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I'm designing a buck LED driver using the LT8376 and I'm following the typical application for a low EMI solution (page 26).

On the output, the schematic proposes a 100 nF capacitor in parallel with the LED string. I tried to reproduce the schematic and adapt it to my application on a LTspice simulation but my problem is that when I have this capacitor, I see peak of current at each positive transition.

enter image description here

I checked the data measured on the evaluation board, which uses exactly the same capacitor. The usefulness I found there is that it acts as a low-pass filter with the ferrite for high frequencies, but it also seems to adjust the transition response.

The only way I've found to avoid the peaks of current is to reduce the value of the capacitor as with a 1 nF, but in this case the transition is as fast as if there were none.

So my question is: how can I eliminate current spikes while smoothing the transition to reduce electromagnetic interference? Is it possible that these current peaks are a simulation problem?

Here is my design: enter image description here

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2 Answers 2

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Flipping through the datasheet, I don't see any mention of the capacitor in question -- your C1. It appears in the headline / example circuit (a slightly modified version of the EMI example on page 26), but nowhere else (including the EMI example itself). I don't find any discussion of it in the text, no mention of filtering the sense signal. Nor any mention of the eval board's C26 in its document.

I would simply remove the capacitor; it's doubtful that the error amp it's feeding, can respond quickly enough to be affected by a leading-edge blip (due to gate charge plus resuming the load). The capacitor seems intended to reduce these effects -- but clearly it wasn't important enough to document in the datasheet, and I don't see any obvious-at-a-glance reason why it should be important.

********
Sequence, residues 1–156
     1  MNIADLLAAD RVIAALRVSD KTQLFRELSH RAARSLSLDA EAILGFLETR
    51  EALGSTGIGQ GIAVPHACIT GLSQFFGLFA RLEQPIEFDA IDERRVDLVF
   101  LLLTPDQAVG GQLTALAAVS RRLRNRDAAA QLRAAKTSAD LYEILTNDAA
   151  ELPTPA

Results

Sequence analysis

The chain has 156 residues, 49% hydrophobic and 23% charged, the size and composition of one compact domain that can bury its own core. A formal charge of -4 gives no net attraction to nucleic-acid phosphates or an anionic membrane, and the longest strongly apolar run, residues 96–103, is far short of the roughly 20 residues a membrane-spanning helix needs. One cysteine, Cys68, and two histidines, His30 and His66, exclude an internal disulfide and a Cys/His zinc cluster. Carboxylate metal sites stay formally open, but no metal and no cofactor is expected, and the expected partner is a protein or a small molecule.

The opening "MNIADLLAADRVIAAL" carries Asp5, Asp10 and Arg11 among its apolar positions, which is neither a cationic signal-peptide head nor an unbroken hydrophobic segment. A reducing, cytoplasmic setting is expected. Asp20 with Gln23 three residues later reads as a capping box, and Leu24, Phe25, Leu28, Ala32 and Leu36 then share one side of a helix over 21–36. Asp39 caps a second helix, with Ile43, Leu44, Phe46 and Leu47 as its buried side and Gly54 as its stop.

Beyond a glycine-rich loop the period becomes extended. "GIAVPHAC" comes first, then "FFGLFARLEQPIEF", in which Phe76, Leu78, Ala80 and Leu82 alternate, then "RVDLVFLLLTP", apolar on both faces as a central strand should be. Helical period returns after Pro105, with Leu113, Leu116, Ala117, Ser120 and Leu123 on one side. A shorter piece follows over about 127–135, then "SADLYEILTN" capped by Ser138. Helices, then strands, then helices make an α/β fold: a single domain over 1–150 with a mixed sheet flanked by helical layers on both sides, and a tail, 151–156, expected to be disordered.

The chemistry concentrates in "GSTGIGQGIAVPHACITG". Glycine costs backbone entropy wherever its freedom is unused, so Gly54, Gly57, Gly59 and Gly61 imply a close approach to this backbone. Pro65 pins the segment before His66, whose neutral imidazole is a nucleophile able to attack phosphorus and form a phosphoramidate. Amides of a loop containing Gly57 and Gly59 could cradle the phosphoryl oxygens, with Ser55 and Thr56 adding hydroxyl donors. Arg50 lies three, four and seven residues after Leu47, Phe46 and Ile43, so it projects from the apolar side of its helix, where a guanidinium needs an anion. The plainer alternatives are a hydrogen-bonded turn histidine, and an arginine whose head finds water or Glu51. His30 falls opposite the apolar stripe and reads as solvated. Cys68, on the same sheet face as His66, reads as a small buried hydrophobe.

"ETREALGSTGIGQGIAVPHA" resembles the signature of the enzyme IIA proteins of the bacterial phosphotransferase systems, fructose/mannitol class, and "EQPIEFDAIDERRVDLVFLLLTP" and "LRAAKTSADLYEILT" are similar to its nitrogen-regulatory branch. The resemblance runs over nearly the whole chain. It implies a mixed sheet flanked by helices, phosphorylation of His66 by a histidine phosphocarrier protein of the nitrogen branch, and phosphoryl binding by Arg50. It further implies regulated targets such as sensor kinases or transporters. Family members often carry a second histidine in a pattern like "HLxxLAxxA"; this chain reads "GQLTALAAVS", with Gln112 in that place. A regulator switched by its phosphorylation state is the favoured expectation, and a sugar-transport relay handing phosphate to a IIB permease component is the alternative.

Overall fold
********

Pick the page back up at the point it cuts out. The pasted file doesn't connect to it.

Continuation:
You can also, I think, add a gate resistor between PWMTG and the PMOS gate, to slow the transition and reduce such blips, as well as reduce EMI emissions if that is a concern. At a PWM rate of 100s Hz, a transition time of ~µs seems reasonable, or for a ~3nF equivalent gate, maybe 330 to 3.3kΩ. (Note the pin has a ~300mA nominal drive strength, so resistors less than about 30Ω will have little effect.)

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  • \$\begingroup\$ Thank you very much the addition of a gate resistor has completely removed the peak of current. \$\endgroup\$
    – msch
    Mar 21 at 15:40
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You are activating/controlling the LEDs with a P-channel MOSFET (allowed) but, you are current sensing as if it were an N-channel MOSFET (with the 2.2 μF capacitor across the current sense resistor): -

enter image description here

If you read the LT8376 data sheet, they only use this capacitor (C1, 2.2 μF) when using an N-channel MOSFET and, it will certainly slow down the ability to current sense at high-speed and possibly produce the spikes into the LEDs.

enter image description here

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    \$\begingroup\$ Wow, facepalm for LT -- that's a typo, but not in the more common way you would think (source down, N-ch intended?), it's simply upside down and therefore always-on. I was wondering if the SYNC pin was configuring that, but nah, doesn't say so. The note specifies SQ7415AEN, a P-ch MOSFET. \$\endgroup\$ Mar 20 at 18:50
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    \$\begingroup\$ @TimWilliams yes, they repeated that error throughout on the circuits using the N-channel MOSFET. I've amended my answer because I hadn't noticed that error in the DS. \$\endgroup\$
    – Andy aka
    Mar 20 at 19:25
  • \$\begingroup\$ @Andyaka thank you very much for noticing this error on the circuit, I removed the capacitor but the current peak is still present. \$\endgroup\$
    – msch
    Mar 21 at 15:38

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